One might find this a rather ludicrous idea, but it actually works. The hook is that Justin was the one who really wanted to leave and kind of dragged his brother away from a life that almost kind of suited him, and since their outside life is shit there isn't much of an argument he can make for it besides "out here things might get better". Justin finally agrees to go more or less hoping Aaron, now older, will see it for the joke that it is (or that it's just too weird) and finally let go of it so he can blossom in the real world, but obviously things don't go as planned. Aaron starts getting easily swayed back into the fold (having Callie Hernandez instigating things probably doesn't hurt; I'd follow her into a cult sight unseen, let alone one I already had a connection to) while Justin becomes increasingly aware that things there can't be easily explained away by "they're crazy/brainwashed".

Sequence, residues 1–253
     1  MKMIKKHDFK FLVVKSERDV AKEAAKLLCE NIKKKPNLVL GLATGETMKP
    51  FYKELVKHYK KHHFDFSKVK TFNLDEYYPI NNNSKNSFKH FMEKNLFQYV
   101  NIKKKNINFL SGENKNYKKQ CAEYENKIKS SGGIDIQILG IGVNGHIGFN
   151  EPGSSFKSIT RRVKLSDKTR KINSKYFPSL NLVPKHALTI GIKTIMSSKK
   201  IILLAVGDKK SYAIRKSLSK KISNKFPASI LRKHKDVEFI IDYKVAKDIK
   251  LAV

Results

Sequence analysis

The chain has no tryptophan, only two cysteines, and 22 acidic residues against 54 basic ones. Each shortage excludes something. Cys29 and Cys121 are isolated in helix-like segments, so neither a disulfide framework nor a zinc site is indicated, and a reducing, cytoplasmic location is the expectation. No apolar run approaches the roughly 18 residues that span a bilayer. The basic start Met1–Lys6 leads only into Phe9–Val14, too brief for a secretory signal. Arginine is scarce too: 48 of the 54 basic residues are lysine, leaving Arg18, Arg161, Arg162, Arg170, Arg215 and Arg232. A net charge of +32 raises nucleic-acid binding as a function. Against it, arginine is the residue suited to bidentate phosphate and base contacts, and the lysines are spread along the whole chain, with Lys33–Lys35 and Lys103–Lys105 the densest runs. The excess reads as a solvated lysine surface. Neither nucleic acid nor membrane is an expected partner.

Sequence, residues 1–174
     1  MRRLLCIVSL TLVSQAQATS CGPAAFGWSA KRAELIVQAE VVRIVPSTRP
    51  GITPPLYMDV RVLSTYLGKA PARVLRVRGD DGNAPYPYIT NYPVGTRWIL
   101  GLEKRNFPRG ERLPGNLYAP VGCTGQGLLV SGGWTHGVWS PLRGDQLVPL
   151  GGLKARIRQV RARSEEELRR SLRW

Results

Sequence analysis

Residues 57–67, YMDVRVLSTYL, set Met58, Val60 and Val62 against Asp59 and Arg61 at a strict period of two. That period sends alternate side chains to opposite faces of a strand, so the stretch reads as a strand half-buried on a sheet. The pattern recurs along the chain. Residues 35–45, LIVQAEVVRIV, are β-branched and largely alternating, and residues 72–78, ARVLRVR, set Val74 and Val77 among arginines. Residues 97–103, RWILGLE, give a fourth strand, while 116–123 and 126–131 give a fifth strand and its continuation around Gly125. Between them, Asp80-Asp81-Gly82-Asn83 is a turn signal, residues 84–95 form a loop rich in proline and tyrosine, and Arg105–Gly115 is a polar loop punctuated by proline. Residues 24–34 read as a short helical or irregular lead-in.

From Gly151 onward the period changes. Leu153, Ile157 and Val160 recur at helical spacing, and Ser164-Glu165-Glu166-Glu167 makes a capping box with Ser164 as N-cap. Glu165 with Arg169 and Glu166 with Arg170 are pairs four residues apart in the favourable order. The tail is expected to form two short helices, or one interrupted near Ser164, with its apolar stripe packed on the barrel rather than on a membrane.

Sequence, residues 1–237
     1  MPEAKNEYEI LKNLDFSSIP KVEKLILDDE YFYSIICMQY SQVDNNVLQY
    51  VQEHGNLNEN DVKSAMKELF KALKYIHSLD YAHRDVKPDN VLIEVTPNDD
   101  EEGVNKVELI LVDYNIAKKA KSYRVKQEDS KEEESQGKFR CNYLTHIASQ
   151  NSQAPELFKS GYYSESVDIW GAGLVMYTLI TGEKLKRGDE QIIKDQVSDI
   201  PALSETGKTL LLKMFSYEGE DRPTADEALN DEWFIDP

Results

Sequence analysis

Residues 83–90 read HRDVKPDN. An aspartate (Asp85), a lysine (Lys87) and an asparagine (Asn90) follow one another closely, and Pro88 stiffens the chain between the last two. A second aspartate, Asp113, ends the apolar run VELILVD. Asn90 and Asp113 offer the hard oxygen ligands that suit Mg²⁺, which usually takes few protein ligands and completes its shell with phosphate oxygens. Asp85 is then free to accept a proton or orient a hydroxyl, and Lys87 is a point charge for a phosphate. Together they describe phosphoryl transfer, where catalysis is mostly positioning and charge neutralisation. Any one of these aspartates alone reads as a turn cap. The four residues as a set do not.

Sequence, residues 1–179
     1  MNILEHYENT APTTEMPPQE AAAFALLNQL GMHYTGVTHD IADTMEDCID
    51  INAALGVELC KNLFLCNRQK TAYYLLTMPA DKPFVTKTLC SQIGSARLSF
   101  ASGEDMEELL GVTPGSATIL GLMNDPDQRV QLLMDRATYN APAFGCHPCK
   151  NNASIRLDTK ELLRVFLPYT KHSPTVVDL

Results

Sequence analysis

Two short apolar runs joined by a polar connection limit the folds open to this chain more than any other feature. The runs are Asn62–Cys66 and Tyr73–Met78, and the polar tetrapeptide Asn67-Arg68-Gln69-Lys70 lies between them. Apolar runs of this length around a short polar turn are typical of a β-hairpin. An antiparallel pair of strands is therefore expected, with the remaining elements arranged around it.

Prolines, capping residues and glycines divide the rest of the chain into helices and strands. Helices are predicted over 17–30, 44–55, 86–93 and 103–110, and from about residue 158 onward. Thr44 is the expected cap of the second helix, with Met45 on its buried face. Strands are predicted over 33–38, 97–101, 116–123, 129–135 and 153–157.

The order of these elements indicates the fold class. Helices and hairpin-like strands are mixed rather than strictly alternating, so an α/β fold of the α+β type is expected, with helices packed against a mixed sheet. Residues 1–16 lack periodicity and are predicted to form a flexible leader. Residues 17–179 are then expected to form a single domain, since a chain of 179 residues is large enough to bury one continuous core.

I won't say much more about what happens, only that it's very much in line with the unique brand of unsettling but also occasionally funny sort of things that peppered Resolution (so, if you hated that movie, I'd steer clear of this one, but know that I pity you). Again, seeing the earlier film isn't a necessity, but since Aaron and Justin were clearly in the same area as that film's Mike and Chris, it's a foregone conclusion that they'd be plagued by some of the same phenomena, some of which sheds light on the other film's mysteries. Not everything is explained (from either film), but again it doesn't matter - the real drive of the film is seeing these two guys work through their issues with each other and hopefully come out of the situation OK. The two filmmakers have been working together for almost a decade (more? I'm just going off IMDb's historical record) and their brotherly bond comes across throughout the film, and so it's easy to not worry too much about how the tape got sent to them or what that one weird thing we saw was and focus more on their current dilemma, hoping they can escape together or at least find their peace if they do end up going their separate ways. Unlike Resolution, the other characters we meet get fleshed out a bit, becoming people that could be in their own spinoff film (the Resolution Cinematic Universe?). In that film everyone that wasn't Mike or Chris only really appeared once, if memory serves, but here we get to know a few of the cult members and learn a little bit about their deal. I was particularly intrigued with Hal (Tate Ellington), the leader of the group who is patient with Justin's eye-rolling and, at times, almost seems a bit jealous of his ability to walk away from it all. I don't know if it was intentional or just me reading into it, but I kept getting the impression he was about five seconds from asking Justin if he could hitch a ride with them when they left, only to refrain out of some kind of guilt (for the other people) or fear, akin to convicts fearing their parole. I don't think it's too much of a spoiler to say that they aren't just weirdos in the woods and that there is something definitely supernatural/otherworldly going on, and that also adds another layer to it - it's not that he's afraid he's wrong, it's that he's afraid because he knows he's right.